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Elements of an Advertising Plan

by Corporate Relations and Business Strategy Staff

An advertising plan is a document created with the goal of matching the most effective message to your audience. This article is intended as a companion piece to "Advertising Your Services," which describes key advertising concepts and includes additional pointers.

A psychologist new to the world of advertising might find the following process complicated and intimidating. If that is the case, you might find it useful to work with a marketing consultant and/or design professional to help you develop and execute your plan.

A good advertising plan should include the following sections:

  1. Situation analysis.  A review of problems and opportunities.

  • An advertising message should address a problem. You might think about this in terms of why more people do not access your services. Does the difficulty stem from a problem with your image, a lack of information, or from the potential client or referral source’s perceptions or attitudes? List the problems.

  • Now, turn these problems into opportunities to shape your professional image, correct misinformation, educate the public and change perceptions. Describe how you will use the opportunities.

  1. Strategy statement. The framework for your approach.

  • Clearly define your advertising goals. Be specific.

  • Report the annual revenue you generate and the market share you command for the services you provide in the geographic area you serve.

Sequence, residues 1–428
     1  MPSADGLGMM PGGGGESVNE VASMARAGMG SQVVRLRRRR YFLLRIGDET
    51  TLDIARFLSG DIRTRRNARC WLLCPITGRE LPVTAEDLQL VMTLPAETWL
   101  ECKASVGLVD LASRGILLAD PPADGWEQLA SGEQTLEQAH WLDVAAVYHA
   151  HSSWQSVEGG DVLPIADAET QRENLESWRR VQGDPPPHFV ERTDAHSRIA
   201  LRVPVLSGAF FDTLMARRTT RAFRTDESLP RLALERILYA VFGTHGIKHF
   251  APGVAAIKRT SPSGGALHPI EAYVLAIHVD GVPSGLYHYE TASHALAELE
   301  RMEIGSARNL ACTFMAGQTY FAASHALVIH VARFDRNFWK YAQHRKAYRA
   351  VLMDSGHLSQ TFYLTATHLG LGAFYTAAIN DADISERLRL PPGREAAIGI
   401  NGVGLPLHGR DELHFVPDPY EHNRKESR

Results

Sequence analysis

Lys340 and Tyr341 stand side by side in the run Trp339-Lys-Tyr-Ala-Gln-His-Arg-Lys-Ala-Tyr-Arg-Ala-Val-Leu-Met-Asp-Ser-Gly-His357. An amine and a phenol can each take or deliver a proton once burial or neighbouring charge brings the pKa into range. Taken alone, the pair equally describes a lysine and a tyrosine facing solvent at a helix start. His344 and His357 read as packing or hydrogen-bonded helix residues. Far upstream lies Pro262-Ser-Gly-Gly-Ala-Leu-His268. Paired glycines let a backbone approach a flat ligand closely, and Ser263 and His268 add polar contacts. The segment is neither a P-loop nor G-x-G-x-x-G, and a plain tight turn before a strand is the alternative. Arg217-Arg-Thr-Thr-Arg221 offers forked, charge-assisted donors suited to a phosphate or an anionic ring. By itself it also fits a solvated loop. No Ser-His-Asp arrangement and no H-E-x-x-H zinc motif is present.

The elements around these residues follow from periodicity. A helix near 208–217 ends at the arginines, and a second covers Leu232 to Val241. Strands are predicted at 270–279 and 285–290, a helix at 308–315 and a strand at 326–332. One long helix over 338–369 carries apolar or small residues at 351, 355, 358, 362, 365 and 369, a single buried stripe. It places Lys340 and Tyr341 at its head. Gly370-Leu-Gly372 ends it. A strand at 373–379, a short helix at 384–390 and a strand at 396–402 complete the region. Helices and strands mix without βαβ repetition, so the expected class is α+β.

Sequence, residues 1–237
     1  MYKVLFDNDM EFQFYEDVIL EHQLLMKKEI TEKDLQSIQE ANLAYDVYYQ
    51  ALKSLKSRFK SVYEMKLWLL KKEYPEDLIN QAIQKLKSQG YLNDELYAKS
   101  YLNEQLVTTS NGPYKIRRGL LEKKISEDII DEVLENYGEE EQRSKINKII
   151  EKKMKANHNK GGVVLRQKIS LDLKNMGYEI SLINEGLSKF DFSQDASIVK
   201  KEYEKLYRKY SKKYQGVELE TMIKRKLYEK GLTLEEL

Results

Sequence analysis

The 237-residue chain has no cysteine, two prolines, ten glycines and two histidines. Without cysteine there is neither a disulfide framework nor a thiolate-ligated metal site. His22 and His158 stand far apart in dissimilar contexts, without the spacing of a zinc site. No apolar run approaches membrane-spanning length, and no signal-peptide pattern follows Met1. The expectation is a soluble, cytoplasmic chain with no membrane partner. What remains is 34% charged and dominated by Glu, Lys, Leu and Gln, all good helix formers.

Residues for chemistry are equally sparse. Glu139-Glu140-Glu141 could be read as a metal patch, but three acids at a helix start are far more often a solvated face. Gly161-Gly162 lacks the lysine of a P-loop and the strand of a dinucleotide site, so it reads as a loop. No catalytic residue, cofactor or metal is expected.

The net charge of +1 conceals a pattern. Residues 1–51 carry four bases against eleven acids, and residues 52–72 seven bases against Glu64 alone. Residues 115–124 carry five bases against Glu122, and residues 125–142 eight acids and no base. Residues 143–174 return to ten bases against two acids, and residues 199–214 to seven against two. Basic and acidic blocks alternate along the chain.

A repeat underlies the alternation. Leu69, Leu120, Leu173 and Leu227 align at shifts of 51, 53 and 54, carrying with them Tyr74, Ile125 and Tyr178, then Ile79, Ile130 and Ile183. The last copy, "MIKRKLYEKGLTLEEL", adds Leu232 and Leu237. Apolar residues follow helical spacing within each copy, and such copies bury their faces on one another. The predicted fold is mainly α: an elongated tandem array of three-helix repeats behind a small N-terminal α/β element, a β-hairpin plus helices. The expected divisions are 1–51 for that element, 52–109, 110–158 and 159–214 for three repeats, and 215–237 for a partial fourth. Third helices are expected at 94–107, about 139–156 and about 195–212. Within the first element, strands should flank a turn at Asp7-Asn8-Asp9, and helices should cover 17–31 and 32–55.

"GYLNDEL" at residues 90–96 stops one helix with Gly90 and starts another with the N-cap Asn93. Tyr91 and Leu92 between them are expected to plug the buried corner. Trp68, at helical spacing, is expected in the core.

• List the market shares of your competitors and brief statements describing the services they offer, their marketing strategies, and their advertising efforts. If you don’t have this information, it is time to collect some data about the market you are working in.

  • Describe the services you offer. Include the results of any marketing research you have conducted, such as client satisfaction surveys and feedback, opinions and reactions from peers, colleagues and family members about your practice or your professional image. What if you don’t have the information? You guessed it…time to collect more data.

  • Profile your target audience, including others who may influence the decision to seek your services — for example, potential referral sources and family members. Include demographics such as age, gender, education, income, and geographic distribution and psychographics such as lifestyle, interests, values and concerns.

  • Describe your competitive advantage, the benefit or value your services provide, your professional image and the niche you occupy in the marketplace.

For more information, read the following articles: "Develop a Professional Image that Reflects Your Strengths" and "Have You Found a Niche?"

  1. Creative plan. The focus of your actual advertising message.

  • Use the information from your situation analysis and strategy statement to create an effective core message. Think about your marketing objectives, the problems and opportunities that exist, your strengths and weaknesses and your target audience.